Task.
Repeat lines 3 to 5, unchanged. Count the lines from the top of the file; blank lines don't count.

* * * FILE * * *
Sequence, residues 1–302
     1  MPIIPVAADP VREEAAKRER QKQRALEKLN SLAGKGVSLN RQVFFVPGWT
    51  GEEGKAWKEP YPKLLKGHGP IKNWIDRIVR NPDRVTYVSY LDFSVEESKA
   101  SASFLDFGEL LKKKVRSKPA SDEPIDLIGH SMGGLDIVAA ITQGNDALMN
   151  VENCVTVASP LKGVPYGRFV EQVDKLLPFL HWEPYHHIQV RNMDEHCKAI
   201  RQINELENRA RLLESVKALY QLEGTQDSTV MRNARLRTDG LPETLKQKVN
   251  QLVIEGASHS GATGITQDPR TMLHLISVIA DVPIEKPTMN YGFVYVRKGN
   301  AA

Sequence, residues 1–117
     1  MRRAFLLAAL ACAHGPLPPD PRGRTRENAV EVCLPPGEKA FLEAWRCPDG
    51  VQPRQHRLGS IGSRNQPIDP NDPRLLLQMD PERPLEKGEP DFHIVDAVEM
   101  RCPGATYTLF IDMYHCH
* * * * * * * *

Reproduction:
    51  GEEGKAWKEP YPKLLKGHGP IKNWIDRIVR NPDRVTYVSY LDFSVEESKA
   101  SASFLDFGEL LKKKVRSKPA SDEPIDLIGH SMGGLDIVAA ITQGNDALMN
   151  VENCVTVASP LKGVPYGRFV EQVDKLLPFL HWEPYHHIQV RNMDEHCKAI